We analyzed the carbon uptake strategies on macroalgal assemblages as a function of environmental factors like temperature, pH, and salinity (Fig. 8). The temperature and salinity non-significantly explained the δ13C macroalgal variability. A poor but significant correlation was observed between δ13C and pH (R2=0.04) (Table 4). The proportion of specimens with a strategy of only HCO use was different between environmental factors and taxa (previously described). For example, Ochrophyta showed the highest proportion (35 %) in colder temperatures, in pH alkaline (31 %), and in a typical salinity regimen (27 %). Chlorophyta was enhanced to 30 % in acid pH, and Rhodophyta recorded 21 % in normal seawater. The opposite strategy (only use of dissolved CO2) was observed only in Rhodophyta. The highest percentage was observed in the estuarine salinity regimen (10 %).
3.5 Variation latitudinal of δ13C macroalgae
The δ13C macroalgal variation in the GC biogeography was evaluated by linear regression analysis between δ13C values along the 9 ∘ latitude of both GC coastlines. A non-significant latitudinal trend was observed for datasets, but for the three phyla's most representative genera, δ13C values correlated with latitude (Fig. 9). In Chlorophyta, with the higher genera number, δ13C values increased with latitude, with low but significant correlation. Contrarily, in Ochrophyta and Rhodophyta specimens, the δ13C values decreased non-significantly with latitude.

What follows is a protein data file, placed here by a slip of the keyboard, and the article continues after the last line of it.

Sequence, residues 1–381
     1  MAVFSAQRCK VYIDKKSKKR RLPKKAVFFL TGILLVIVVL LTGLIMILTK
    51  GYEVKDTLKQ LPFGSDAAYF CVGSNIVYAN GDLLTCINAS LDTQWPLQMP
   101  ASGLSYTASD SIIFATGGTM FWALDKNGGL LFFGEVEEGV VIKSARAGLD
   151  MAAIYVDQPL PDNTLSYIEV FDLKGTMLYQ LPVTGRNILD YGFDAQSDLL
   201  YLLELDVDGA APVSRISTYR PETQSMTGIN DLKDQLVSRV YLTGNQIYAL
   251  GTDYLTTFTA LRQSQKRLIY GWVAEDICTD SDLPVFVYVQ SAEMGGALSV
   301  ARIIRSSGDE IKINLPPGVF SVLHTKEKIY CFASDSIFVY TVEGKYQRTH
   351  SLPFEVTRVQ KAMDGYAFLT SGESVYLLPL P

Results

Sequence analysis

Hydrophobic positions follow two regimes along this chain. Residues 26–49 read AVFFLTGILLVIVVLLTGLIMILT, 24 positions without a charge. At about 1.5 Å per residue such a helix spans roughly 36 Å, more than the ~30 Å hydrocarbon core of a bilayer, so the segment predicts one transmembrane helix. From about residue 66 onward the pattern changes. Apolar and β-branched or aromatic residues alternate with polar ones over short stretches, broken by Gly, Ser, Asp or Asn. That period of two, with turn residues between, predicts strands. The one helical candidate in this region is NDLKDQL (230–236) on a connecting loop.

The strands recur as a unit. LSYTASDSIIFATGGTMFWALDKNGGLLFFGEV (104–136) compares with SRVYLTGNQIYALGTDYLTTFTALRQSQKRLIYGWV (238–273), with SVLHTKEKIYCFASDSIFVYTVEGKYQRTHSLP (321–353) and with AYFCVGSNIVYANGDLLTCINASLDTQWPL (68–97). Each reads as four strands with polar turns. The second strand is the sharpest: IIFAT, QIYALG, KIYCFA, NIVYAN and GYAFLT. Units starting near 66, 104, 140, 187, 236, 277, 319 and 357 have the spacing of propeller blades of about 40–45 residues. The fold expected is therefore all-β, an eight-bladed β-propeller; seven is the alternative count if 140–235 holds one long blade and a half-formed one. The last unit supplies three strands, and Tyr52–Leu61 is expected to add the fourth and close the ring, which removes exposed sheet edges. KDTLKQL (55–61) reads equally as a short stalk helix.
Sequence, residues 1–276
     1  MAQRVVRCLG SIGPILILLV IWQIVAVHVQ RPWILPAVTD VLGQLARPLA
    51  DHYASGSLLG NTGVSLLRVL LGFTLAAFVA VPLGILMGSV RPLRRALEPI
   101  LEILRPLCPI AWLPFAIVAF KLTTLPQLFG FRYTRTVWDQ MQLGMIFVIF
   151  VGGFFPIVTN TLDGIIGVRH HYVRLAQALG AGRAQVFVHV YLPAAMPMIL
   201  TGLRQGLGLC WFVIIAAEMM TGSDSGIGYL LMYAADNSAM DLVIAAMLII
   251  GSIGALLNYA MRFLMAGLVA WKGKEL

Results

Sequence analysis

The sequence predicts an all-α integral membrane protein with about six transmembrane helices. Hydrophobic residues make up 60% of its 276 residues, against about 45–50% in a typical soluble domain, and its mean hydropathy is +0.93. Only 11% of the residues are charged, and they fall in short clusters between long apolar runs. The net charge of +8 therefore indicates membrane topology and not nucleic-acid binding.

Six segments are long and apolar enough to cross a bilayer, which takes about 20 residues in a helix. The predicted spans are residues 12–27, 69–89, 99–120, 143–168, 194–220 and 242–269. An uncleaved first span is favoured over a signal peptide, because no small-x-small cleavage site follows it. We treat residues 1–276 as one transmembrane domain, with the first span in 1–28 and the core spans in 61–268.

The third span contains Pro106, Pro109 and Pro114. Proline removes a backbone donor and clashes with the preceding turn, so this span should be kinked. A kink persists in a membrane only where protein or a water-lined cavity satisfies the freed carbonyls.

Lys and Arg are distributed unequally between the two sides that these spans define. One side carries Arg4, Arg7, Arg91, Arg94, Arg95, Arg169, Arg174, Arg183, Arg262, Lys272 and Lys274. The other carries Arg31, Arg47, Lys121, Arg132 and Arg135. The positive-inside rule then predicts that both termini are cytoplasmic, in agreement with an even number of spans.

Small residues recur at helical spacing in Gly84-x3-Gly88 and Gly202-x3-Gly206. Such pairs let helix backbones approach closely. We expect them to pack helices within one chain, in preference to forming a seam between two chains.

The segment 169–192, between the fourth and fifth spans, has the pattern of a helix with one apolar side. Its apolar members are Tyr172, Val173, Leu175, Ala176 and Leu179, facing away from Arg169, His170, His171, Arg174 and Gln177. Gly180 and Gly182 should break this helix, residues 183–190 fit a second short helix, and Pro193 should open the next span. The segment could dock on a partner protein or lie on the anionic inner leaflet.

In the most representative morphofunctional groups, significant correlations (p<0.001) were observed for δ13C macroalgae versus latitude (Fig. 10). Representative morphofunctional groups of Chlorophyta (e.g., C-Tubular, C-Filamentous uniseriate) showed a positive correlation, while those belonging to Ochrophyta (e.g., O-Thick leathery) and Rhodophyta (e.g., R-Larger-sized corticated) showed a negative trend with latitude.
3.6 Analyses of δ13C macroalgal variability
The δ13C macroalgal variability was analyzed as a function of the life-form and environmental factors. Firstly, simple linear regression analyses were performed to evaluate the dependent variable's prediction power (δ13C macroalgal variable) as a function of several independent variables controlling the main macroalgae photosynthesis drivers (light, DIC, and inorganic nutrients). Regression coefficients were estimated for each fitted regression model, which are used as indicators of the quality of the regression (Burnham and Anderson, 2002; Draper and Smith, 1998) as was described in Methods; however, the description of our results focused on the coefficients of determination (R2 and adjusted R2). The coefficient R2 describes the relationship between the independent variables Xi with the dependent variable Y (δ13C macroalgal values). R2 is interpreted as the percent of contribution to the δ13C variability. In comparison, the adjusted R2 statistics compensate for possible confounding effects between variables.
Results of the analysis of the relationships between δ13C with each independent variable are summarized in Table 4. Phyla explain only 8 % variability regarding the inherent macroalgae properties, the morphofunctional properties 35 %, genera 46 %, and species 57 %.